Robert Naylor.

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in that respect, for no less than five rivers flowed towards Sheffield
from the Pennine range above. From the finest steel all sorts of things
were made, ranging from the smallest needle or steel pen up to the
largest-sized gun or armour-plate. It would no doubt have interested us
greatly to look through one of the works, but such as we passed were
labelled "No admittance except on business," which we interpreted to
mean that no strangers were allowed to enter, lest they might carry away
with them the secrets of the business, so we walked slowly onward in the
hope of reaching, before nightfall, our next great object of interest,
"The Great Cavern and Castle of Peveril of the Peak." Passing along the
Ecclesall Road, we saw, in nicely wooded enclosures, many of the houses
of manufacturers and merchants, who, like ourselves in after life, left
their men to sleep in the smoke while they themselves went to breathe
the purer air above, for Ecclesall was at a fair elevation above the
town. But one gentleman whom we saw assured us that, in spite of the
heavy clouds of smoke we had seen, the town was very healthy, and there
was more sunshine at Sheffield than in any other town in England.

Shortly afterwards we came to a finger-post where a road turned off
towards Norton and Beauchief Abbey. Norton was the village where the
sculptor Chantrey, of whom, and his works, we had heard so much, was
born, and the monument to his memory in the old church there was an
attraction to visitors. Chantrey was a man of whom it might safely be
said "his works do follow," for my brother, who always explored the wild
corners of the country when he had the opportunity, was once travelling
in Wales, and told a gentleman he met that he intended to stay the night
at the inn at the Devil's Bridge. This was not the Devil's Bridge we had
crossed so recently at Kirkby Lonsdale, but a much more picturesque one,
which to visit at that time involved a walk of about thirteen miles in
the mountainous region behind Aberystwyth.

"Have you ever seen that fine monument by Chantrey there?" asked the

"No," said my brother in astonishment, knowing the wild nature of the
country thereabouts.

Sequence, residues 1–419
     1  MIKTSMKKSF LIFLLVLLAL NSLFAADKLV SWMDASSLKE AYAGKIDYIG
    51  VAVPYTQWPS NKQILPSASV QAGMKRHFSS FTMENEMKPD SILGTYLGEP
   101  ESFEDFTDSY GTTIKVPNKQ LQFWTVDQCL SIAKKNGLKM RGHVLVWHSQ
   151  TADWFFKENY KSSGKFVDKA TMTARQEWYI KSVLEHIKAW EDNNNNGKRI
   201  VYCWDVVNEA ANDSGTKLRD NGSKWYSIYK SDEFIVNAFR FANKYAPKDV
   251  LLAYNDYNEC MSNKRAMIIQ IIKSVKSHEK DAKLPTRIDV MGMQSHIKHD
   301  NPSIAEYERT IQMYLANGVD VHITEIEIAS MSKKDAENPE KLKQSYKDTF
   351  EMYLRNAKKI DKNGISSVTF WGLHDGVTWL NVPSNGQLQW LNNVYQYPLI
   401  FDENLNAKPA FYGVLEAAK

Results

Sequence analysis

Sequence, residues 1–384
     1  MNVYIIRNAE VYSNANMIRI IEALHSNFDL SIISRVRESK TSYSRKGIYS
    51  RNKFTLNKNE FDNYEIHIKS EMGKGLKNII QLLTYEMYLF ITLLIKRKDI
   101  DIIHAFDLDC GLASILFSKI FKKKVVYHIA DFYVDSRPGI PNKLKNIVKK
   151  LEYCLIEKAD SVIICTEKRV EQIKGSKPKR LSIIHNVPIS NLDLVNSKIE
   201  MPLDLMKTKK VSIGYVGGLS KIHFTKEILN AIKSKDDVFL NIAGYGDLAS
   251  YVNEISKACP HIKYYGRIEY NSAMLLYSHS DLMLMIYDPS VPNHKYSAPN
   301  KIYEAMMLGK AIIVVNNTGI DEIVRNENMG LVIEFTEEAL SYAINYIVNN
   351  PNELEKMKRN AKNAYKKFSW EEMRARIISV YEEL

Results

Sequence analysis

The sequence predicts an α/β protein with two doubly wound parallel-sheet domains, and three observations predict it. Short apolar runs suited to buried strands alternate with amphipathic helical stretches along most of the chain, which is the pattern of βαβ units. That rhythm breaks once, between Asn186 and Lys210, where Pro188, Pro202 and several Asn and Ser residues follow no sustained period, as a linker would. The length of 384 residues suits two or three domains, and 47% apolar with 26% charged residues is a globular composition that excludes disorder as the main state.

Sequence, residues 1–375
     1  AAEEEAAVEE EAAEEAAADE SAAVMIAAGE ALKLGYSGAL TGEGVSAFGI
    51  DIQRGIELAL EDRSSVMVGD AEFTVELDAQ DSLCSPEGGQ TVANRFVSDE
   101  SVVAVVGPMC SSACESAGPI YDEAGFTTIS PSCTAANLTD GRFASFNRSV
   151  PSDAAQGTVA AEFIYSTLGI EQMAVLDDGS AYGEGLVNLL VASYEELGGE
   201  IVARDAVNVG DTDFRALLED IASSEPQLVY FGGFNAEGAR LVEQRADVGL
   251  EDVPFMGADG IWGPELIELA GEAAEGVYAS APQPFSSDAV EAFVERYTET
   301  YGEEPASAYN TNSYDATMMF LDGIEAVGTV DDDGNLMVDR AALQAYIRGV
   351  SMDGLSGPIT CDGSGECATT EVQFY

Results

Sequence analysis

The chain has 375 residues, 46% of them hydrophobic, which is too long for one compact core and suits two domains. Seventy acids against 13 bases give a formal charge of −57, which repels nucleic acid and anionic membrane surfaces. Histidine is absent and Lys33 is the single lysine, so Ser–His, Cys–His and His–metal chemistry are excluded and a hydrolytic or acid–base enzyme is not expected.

"Well," he said, "mind you go and see it! Here is my card, and when you
have seen it, write me whether you have seen a finer monument in all
your life."

My brother found the monument in a small church about three miles from
the hotel in the hills above. He was very much astonished and deeply
impressed by the sculpture, acknowledging in his promised letter that it
was by far the finest he had seen. The origin of it was as follows:

The owner of the estate had an only child, a daughter, lovely, clever,
and accomplished, but slightly deformed in her back. When she was
twenty-one years old she was taken by her parents to London to have her
back straightened, but never recovered from the operation. The statuary
represented the daughter lying on a couch, her father standing at the
head looking down into the eyes of his dying daughter, while her mother
is kneeling at the foot in an attitude of prayer. The daughter's
instruments of music and painting, with her books, appear under the
couch, while every small detail, from the embroidery on the couch to the
creases in the pillow, are beautifully sculptured.

This great work of art cost £6,000, and was exhibited in London for some
time before it was placed in the small church of Hafod. It was said to
have made Chantrey's fortune.


Beauchief Abbey, we were informed, was built by the murderers of Thomas
a Becket in expiation of their sin, but only a few fragments of the
buildings now remained. We halted for rest and refreshments at the "Fox
House Inn," which stood at a junction of roads and was formerly the
hunting-box of the Duke of Rutland.

We had by this time left the county of York and penetrated about four
miles into Derbyshire, a county we may safely describe as being peculiar
to itself, for limestone abounded in the greater part of its area. Even
the roads were made with it, and the glare of their white surfaces under
a brilliant sun, together with the accumulation of a white dust which
rose with the wind, or the dangerous slippery mud which formed on them
after rain or snow or frost, were all alike disagreeable to wayfarers.
But in later times, if the worthy writer who ventured into that county
on one occasion, had placed his fashionable length on the limy road when
in a more favourable condition than that of wet limy mud, he might have
written Derbyshire up instead of writing it down, and describing it as
the county beginning with a "Big D."


The colour of the green fields which lined the roads contrasted finely
in the distance with the white surface of the roads, both fields and